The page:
In California, the impacts of climate change are becoming increasingly obvious. Turn on the news and you will hear about extreme heat waves, droughts and frequent wildfires plaguing the state.
“Climate change is one of the grand challenges facing society,” said Michael McGlue, associate professor in the University of Kentucky’s Department of Earth and Environmental Sciences in the College of Arts and Sciences. “California, our most populous state and one of the largest economies globally, faces major threats from hot, dry conditions. This is manifested in the four major fires burning, largely uncontained, in the state right now.”
Climate change will significantly impact the Sierra Nevada mountain range, which runs along the state’s eastern border with Nevada. The Sierra Nevada’s snowpack serves as the most important water source in state. Under normal conditions, snow falls on the mountains in the winter and remains frozen until spring. It then melts and runs off into major rivers that feed into central and southern California, sustaining vast agricultural fields and urban areas.
However, a new study led by UK researchers reveals just how dramatically climate change has impacted aquatic ecosystems in the Sierra Nevada, and calls for action to protect them.
“Climate change is disrupting the water cycle in the Sierra Nevada in ways that are challenging to predict, which lowers society’s resilience by limiting water resources,” said McGlue, who is senior author of the study. “As a consequence, major hazards like droughts, floods and wildfires threaten California more than ever before.”
McGlue and his team conducted their study at June Lake, a small glacial lake in Mono County, California, on the eastern side of the Sierras. There, the team obtained sediment core samples from the bottom of the lake and were able to “read” the layers of sediment from the samples.
Historical weather records don’t extend far enough back in time to fully understand California’s climate system, but the lake sediment records allowed the team to precisely reconstruct the region’s climate history over the past 3,000 years. To do this, they specifically studied diatoms, a type of algae that leave behind tiny silica fossils that get preserved in lake sediments. By studying the changes in fossil diatoms and dating the sediments, the team was able to learn all about the aquatic ecosystem’s response to climate change in the Sierra Nevada and when those changes occurred.
The diatoms revealed a detailed history of the lake and its response to changing seasonality, including in the Late Holocene Dry Period and the Medieval Climate Anomaly, which are well-known periods of ancient drought in the region.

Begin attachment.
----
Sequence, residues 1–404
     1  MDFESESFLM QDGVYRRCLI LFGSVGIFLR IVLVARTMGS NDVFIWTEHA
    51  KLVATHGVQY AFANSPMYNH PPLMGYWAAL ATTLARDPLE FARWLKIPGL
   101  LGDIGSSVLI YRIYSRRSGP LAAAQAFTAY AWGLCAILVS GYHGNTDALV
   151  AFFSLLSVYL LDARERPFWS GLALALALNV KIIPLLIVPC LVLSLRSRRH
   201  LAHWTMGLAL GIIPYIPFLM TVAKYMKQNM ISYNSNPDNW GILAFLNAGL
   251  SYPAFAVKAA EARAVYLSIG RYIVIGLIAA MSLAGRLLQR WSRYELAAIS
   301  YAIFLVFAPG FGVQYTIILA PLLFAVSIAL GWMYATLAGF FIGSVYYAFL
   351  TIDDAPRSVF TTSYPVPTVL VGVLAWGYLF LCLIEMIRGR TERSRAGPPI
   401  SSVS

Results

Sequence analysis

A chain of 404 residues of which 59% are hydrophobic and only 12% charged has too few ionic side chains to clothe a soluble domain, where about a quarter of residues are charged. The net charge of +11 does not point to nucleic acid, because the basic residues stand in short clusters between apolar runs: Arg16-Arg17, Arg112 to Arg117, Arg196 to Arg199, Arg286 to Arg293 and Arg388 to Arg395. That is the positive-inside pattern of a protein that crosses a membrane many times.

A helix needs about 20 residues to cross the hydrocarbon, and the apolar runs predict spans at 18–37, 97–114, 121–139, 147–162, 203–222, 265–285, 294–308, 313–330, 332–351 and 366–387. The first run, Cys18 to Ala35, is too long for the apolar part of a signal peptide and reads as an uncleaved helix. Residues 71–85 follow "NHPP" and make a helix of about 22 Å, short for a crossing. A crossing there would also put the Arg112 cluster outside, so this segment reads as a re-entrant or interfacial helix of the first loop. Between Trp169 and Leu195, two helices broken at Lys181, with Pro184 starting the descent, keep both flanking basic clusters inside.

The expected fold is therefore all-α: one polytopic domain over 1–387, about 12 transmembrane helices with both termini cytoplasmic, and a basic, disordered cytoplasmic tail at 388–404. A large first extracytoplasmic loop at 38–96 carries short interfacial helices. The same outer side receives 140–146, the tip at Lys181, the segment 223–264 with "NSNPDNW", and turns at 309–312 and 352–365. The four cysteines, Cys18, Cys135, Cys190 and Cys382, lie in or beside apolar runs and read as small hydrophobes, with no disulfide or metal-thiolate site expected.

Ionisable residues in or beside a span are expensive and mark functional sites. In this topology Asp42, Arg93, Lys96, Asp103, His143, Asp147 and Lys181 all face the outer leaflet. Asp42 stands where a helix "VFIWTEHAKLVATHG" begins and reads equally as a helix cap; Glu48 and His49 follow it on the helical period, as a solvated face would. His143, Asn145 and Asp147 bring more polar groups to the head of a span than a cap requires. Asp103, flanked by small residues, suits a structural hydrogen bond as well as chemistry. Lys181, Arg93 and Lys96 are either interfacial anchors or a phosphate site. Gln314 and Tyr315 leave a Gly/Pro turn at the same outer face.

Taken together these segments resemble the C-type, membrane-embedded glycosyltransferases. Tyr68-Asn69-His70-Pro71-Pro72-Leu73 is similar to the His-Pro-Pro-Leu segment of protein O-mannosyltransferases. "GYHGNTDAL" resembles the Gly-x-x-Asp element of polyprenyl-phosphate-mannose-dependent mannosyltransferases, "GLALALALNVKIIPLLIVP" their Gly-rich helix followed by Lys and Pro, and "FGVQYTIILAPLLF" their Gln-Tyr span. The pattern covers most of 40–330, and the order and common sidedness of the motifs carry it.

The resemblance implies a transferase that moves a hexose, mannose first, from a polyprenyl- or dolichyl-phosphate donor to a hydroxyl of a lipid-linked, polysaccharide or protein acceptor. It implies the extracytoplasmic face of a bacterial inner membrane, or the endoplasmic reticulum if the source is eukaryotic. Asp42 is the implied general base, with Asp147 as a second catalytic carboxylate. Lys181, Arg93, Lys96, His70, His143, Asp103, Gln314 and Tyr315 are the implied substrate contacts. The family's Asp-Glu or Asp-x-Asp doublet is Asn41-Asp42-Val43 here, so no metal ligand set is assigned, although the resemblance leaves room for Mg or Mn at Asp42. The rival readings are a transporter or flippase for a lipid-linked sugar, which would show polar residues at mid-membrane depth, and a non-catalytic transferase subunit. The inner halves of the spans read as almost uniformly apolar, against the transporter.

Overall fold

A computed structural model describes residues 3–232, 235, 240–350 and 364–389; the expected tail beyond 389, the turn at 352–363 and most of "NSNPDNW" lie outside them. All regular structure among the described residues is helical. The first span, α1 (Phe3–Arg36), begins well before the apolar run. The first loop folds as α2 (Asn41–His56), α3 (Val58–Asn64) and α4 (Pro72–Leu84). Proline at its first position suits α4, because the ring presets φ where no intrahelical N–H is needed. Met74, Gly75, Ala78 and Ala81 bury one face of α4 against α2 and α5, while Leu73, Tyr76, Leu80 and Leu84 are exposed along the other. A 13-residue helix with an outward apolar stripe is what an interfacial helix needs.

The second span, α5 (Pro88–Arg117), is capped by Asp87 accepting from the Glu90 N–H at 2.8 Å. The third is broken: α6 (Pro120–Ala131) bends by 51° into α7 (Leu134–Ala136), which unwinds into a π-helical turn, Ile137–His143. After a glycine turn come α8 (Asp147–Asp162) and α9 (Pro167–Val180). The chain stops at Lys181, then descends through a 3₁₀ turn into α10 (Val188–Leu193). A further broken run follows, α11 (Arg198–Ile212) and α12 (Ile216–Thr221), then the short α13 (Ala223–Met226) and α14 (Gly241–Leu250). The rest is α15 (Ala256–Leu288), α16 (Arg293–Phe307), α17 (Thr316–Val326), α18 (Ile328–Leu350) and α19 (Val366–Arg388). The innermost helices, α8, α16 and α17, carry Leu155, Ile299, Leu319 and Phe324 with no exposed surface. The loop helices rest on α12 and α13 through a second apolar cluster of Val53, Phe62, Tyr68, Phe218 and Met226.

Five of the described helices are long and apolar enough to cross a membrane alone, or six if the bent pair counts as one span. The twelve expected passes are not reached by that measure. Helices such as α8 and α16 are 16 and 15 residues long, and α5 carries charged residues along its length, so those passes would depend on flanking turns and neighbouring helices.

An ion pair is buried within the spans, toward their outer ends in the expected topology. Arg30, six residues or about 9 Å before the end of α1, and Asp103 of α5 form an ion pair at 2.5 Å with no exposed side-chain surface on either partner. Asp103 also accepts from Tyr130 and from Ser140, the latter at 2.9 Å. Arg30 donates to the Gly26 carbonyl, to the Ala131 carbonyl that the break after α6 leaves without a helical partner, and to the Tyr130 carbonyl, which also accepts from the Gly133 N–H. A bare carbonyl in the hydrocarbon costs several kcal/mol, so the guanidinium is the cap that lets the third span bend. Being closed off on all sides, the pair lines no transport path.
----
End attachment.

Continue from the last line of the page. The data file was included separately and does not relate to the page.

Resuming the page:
But the most striking feature of the fossil record is the uniqueness of the ~1840-2016 period. The team detected the most dramatic changes to the June Lake ecosystem at that time, with the fossils suggesting low water levels, low nutrient concentrations and strong water column stratification. The data suggest that “hot droughts” of the Industrial Era altered the lake state to conditions unseen in the last three millennia.
“The ecosystem appears to have shifted in response to a warmer climate” said Eva Lyon, co-author, UK alumna and professor at Washington and Lee University.
The team says these findings have major implications for future water resources in California.
“Scientists can use the insights on how the Sierra Nevada has changed in the recent past in order to anticipate changes coming in the near future, and how those changes might influence water availability,” said Kevin Yeager, co-author and professor at UK.
“June Lake is a clear example of how sensitive lakes in the Sierras can be to changing climate,” said Jeffery Stone, co-author and professor at Indiana State University (ISU). “Sediment archives like these are one of the few tools we have for recording long-term natural variability and without them we would not be able to clearly observe the profound nature of changes in the lake ecosystem in response to a warming climate.”
“This study shows that anthropogenic warming has been impacting aquatic ecosystems in the Sierra Nevada for much longer than generally thought, and this needs to be taken into account when developing policies to protect them,” said lead author Laura Streib, a UK alumna who is now a doctoral student at Syracuse University.